How do we keep the value proposition high? Especially when it is already a challenge.
This is breaking news as I type of this week’s newsletter. So I’m sure there will be new details emerging over the next day or so.
This is the first case of its kind to be tried in the UK and it illustrates some of the differences between the US and the rest of the world in the way that the secondary market is thought about.
Considering the state of the rule of law and enforcement in the States right now, I’m not 100% sure if this will have any impact on the merger going through in the States or not.
For me, keep an eye on this story. Will there be more lawsuits? What will the secondary market associations have to say about this?
After I finished writing this section, another article popped out showing how much money was being made on reselling football tickets in England…which is illegal.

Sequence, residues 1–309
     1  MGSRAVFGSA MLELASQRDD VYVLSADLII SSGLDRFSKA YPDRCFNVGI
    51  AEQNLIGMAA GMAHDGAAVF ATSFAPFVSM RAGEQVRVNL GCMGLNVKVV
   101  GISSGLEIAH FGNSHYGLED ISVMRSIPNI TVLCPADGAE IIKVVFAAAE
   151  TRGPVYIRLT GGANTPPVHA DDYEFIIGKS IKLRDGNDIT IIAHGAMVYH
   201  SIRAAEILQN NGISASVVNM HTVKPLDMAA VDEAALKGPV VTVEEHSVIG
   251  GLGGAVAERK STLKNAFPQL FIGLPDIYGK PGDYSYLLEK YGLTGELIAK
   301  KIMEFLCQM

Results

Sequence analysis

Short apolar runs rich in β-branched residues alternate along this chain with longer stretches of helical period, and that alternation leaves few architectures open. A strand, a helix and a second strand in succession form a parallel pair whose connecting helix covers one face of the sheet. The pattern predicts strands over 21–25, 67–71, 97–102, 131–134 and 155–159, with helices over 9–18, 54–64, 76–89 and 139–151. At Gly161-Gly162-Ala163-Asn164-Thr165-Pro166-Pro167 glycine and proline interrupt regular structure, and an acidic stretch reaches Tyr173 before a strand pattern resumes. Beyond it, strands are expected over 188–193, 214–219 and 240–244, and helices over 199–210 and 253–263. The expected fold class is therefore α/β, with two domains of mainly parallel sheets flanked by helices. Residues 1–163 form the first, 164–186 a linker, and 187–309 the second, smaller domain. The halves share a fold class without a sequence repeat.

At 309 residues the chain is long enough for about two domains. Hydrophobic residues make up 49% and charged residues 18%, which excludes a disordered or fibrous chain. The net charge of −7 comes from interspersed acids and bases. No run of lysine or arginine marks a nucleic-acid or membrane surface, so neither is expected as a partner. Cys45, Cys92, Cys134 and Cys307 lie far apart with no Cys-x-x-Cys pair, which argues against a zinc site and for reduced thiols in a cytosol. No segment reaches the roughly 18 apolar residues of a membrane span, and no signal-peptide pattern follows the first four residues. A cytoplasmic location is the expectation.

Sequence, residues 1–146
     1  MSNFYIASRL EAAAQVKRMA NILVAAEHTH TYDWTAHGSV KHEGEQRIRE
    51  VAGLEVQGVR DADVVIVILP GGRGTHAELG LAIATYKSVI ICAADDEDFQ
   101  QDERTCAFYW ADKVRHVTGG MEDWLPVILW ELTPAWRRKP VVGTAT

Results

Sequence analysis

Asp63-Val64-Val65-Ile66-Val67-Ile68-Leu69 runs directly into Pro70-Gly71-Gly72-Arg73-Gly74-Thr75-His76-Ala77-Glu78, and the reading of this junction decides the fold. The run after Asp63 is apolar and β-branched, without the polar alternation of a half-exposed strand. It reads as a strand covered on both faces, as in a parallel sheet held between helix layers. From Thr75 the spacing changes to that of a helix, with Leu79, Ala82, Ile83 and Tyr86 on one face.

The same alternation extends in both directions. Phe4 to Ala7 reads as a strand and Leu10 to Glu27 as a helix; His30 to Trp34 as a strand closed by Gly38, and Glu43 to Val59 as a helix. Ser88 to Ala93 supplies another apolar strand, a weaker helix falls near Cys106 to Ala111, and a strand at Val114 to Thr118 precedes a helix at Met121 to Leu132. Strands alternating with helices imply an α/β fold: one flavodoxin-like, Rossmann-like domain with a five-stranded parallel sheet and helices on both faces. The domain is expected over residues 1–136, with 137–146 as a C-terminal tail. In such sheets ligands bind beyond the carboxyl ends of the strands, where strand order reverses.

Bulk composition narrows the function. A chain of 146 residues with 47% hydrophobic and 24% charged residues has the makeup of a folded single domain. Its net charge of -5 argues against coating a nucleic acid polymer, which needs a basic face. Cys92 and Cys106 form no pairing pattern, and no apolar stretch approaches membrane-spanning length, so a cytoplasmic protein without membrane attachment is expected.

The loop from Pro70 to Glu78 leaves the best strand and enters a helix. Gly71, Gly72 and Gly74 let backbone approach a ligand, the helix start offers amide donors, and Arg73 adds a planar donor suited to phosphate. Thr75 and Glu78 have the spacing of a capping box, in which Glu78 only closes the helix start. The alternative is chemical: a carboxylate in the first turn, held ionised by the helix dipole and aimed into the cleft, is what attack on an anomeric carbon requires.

The first story is about how David Stern contributed to the growth of the AFL into a national sport in Australia. Which, obviously, coincides with remembrances of his life since he just passed.
It is an interesting story because it shows how sports business ideas travel the world so fluidly.
The second story that caught my eye this week isn’t a story but a piece of content.
My friends in Melbourne, Oli and Tom both sent me this video “To Hell and Back” from the pre-season of Melbourne FC. (The team that heavily recruited me to be a fan when I was speaking at the AFL in November.)
If this isn’t the best piece of team created content I’ve ever seen, I can’t quite remember what beats it.
I’ve watched it twice.